Asia-Pacific markets were higher on Friday trade. South Korea’s KOSPI added 0.95%, Australia’s S&P/ASX 200 advanced 0.57%, and Singapore’s FTSE Straits Times Index 0.08% higher.

The Shanghai Composite increased 0.17%, while the Hang Seng index in Hong Kong was just above the flatline.

The Nikkei index pared gains to 0.65% after climbing as much as 1.4% earlier in the session. The index fell after reports that Abe was shot during campaigning.

Overnight on Wall Street, the Dow Jones Industrial Average advanced 1.12%, to close at 31,384.55. The S&P 500 gained 1.5% to 3,902.62, while the Nasdaq Composite added 2.28% to 11,621.35.



Oil prices rose on Friday after investors returned their focus to tight supply even as fears of a global recession persisted.

Brent crude futures rose 1.10%, to $105.26 a barrel, adding to a near 4% gains on Thursday. U.S. WTI crude added 0.45%, to $102.63 a barrel, having settled 4.2% higher a day earlier.

Both contracts, however, are set for their second straight weekly loss. Trade this week was marked by a sharp sell-off on Tuesday, when WTI slid 8% and Brent tumbled 9%. Brent's $10.73 drop was the third biggest for the contract since it started trading in 1988.

Data from U.S. EIA on Thursday showed that product supplied, the best proxy for U.S. consumer demand, rose to 20.5 million barrels per day in the most recent week. Overall gasoline and distillate demand over the past four weeks, however, was down a little more than 5% from the year-ago period.

U.S. crude inventories rose by 8.2 million barrels in the week to July 1, driven by an increase in inventories and as refiners cut output.



The euro's slide has vaulted the U.S. dollar index to a two-decade high of 107.270 this week and was last steady at 107.021 on Friday.

U.S. Treasury yields were flat gains in the previous two sessions, with the yield on benchmark 10-year notes at 2.976% and the two-year yield at 3.0182%.

Bitcoin is up nearly 15% this week, on course for its best week since early May. It was last at $21,784.



Gold was marginally up on Friday as the US dollar clung to its 20-year peak, setting prices on course for their biggest weekly drop in eight by driving down demand for bullion.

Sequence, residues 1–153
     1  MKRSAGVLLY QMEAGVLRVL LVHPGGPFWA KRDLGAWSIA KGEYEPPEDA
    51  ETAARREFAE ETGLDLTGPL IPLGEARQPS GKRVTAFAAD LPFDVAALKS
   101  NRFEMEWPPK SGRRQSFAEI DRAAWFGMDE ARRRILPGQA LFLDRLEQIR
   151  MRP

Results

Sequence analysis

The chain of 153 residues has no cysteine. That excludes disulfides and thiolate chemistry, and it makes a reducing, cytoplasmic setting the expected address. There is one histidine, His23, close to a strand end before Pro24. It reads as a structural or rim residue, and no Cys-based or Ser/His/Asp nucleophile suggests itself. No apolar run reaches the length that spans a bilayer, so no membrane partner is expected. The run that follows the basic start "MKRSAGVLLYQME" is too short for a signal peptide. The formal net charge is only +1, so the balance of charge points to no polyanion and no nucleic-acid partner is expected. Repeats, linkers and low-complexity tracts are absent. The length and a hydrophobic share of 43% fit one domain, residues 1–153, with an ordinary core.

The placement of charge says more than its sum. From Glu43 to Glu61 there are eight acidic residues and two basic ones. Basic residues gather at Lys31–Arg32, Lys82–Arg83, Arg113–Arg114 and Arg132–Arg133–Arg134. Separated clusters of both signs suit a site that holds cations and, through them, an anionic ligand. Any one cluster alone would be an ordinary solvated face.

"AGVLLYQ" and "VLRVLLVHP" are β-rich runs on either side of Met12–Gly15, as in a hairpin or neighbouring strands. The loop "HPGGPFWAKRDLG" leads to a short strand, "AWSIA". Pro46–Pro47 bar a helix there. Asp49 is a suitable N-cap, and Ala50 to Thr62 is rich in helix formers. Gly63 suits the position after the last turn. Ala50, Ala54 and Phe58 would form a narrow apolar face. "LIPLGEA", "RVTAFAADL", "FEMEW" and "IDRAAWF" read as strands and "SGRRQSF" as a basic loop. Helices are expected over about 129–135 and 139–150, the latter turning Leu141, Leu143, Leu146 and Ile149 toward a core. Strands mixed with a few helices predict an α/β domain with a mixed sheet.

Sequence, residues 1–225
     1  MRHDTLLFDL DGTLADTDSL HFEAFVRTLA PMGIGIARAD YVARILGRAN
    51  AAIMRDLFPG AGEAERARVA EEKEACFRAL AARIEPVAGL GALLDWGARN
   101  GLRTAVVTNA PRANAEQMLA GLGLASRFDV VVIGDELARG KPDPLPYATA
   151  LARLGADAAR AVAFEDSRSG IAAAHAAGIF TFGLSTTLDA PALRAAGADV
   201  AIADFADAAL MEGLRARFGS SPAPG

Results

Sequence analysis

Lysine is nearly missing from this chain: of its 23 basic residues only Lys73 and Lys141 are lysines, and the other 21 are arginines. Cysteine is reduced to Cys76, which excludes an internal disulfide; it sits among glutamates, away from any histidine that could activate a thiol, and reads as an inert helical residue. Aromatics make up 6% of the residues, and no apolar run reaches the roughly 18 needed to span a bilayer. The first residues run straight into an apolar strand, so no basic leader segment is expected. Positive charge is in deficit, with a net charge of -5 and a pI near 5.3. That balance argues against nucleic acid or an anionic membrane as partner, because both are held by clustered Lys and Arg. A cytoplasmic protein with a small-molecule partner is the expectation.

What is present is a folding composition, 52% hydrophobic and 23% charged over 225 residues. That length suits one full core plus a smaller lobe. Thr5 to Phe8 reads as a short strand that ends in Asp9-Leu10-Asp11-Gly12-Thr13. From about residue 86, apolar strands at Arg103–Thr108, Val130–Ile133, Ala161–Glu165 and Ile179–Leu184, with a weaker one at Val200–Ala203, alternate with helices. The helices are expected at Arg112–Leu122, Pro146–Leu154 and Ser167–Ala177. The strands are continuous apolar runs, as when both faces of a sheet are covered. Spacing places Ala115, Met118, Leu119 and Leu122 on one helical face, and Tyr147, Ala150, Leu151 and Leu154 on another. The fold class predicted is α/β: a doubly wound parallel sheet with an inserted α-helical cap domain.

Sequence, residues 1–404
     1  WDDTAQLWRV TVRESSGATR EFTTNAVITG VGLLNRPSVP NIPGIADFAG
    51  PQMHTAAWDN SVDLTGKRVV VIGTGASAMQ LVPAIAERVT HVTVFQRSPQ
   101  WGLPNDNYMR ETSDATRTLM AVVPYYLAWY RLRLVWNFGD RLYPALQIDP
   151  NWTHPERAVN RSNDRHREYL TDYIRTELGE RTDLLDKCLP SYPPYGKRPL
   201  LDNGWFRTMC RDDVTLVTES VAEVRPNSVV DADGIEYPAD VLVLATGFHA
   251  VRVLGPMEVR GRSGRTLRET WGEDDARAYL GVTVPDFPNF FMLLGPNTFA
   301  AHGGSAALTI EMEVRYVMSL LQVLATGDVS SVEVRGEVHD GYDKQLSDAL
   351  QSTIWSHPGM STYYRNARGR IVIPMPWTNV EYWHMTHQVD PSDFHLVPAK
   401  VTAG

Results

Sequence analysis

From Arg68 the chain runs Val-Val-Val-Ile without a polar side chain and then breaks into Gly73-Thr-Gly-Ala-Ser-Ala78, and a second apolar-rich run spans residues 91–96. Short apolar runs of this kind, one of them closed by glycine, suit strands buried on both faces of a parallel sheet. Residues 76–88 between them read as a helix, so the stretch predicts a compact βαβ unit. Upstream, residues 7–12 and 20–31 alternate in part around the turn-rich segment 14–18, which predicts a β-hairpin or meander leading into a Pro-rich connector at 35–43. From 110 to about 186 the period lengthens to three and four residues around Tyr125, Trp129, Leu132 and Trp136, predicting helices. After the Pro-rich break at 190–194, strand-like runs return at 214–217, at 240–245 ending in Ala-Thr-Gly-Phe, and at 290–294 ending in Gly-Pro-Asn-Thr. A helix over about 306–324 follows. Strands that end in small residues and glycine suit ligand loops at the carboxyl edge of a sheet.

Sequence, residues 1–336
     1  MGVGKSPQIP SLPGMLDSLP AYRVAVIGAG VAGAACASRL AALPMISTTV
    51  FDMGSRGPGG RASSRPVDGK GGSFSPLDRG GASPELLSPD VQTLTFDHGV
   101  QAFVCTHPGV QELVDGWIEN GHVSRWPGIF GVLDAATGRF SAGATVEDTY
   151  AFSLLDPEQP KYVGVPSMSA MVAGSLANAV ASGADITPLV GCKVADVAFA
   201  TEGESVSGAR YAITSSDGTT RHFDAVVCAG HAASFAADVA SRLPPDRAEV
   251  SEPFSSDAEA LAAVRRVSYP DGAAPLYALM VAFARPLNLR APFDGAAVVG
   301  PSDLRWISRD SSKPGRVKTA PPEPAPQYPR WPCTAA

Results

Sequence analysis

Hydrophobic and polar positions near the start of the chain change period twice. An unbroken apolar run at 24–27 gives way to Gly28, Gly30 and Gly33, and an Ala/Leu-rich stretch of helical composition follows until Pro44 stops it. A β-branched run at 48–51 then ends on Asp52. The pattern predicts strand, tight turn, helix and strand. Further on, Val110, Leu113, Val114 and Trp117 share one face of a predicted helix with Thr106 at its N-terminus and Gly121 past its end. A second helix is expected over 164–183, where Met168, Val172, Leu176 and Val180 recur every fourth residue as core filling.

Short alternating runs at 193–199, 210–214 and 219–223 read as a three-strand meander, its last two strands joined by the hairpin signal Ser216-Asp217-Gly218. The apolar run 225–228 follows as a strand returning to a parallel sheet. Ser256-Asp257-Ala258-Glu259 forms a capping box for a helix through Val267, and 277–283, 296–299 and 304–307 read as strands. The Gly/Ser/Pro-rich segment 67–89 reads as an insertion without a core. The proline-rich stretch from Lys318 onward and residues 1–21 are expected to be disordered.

Spot gold had inched up 0.16% at $1,742.50 per ounce, and U.S. gold futures were flat at $1,741.20.

Gold prices have lost about 3.8% this week. It is likely to be their fourth straight weekly fall, and worst since mid-May.

Spot silver dipped 0.3% to $19.28 per ounce and platinum firmed 0.1% to $874.50, with both were set for weekly losses. Palladium climbed 0.6% to $2,002.50 and has gained about 2% for the week.



Asian shares gains on Friday, are on course for a positive week as fears of an economic slowdown cooled. The stock markets have stabilized in July after a brutal selloff in the first half against the backdrop of a surge in inflation, the Ukraine conflict and the Fed's pivot away from easy-money policy.

Investors leaned into positive sentiment after the Federal Reserve hinted a more tempered program of interest rate hikes. The less hawkish tone was echoed in comments from Fed Governor Christopher Waller on Thursday. In calling fears of a U.S. recession overblown, he advocated for a 50 basis-point hike in September, while St Louis Fed bank president James Bullard said he saw a "good chance" of a soft landing for the economy. The U.S. central bank holds its next policy-setting meeting on July 26-27.

Such sentiment was taken as a cue by some to add positions, including in high-growth stocks, which had suffered in the first half of 2022 as investors fretted over their prospects in a rising interest rate environment.

The latest indicator of the health of the U.S. economy is due later in the day with the release of U.S. non-farm payroll data. The consensus expectation is for 268,000 jobs to have been added in May.